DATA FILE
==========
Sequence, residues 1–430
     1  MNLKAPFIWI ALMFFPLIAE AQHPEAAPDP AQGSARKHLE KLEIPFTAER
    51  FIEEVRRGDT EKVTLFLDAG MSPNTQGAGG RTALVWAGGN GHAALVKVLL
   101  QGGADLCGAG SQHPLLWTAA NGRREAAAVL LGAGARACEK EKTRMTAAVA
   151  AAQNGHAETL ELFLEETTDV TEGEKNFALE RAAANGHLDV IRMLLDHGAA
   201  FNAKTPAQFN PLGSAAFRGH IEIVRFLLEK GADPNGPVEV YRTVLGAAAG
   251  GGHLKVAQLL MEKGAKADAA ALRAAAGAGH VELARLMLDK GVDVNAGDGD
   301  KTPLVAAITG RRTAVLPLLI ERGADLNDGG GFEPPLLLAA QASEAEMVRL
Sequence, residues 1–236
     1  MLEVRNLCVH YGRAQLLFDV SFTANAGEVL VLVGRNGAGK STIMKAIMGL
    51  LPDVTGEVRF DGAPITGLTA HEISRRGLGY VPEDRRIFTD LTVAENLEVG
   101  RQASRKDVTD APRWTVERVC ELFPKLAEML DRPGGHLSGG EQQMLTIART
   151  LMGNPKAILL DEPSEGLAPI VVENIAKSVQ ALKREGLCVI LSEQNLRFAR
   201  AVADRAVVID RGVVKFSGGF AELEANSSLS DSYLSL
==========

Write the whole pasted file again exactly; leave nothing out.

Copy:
Sequence, residues 1–430
     1  MNLKAPFIWI ALMFFPLIAE AQHPEAAPDP AQGSARKHLE KLEIPFTAER
    51  FIEEVRRGDT EKVTLFLDAG MSPNTQGAGG RTALVWAGGN GHAALVKVLL
   101  QGGADLCGAG SQHPLLWTAA NGRREAAAVL LGAGARACEK EKTRMTAAVA
   151  AAQNGHAETL ELFLEETTDV TEGEKNFALE RAAANGHLDV IRMLLDHGAA
   201  FNAKTPAQFN PLGSAAFRGH IEIVRFLLEK GADPNGPVEV YRTVLGAAAG
   251  GGHLKVAQLL MEKGAKADAA ALRAAAGAGH VELARLMLDK GVDVNAGDGD
   301  KTPLVAAITG RRTAVLPLLI ERGADLNDGG GFEPPLLLAA QASEAEMVRL
Sequence, residues 1–236
     1  MLEVRNLCVH YGRAQLLFDV SFTANAGEVL VLVGRNGAGK STIMKAIMGL
    51  LPDVTGEVRF DGAPITGLTA HEISRRGLGY VPEDRRIFTD LTVAENLEVG
   101  RQASRKDVTD APRWTVERVC ELFPKLAEML DRPGGHLSGG EQQMLTIART
   151  LMGNPKAILL DEPSEGLAPI VVENIAKSVQ ALKREGLCVI LSEQNLRFAR
   201  AVADRAVVID RGVVKFSGGF AELEANSSLS DSYLSL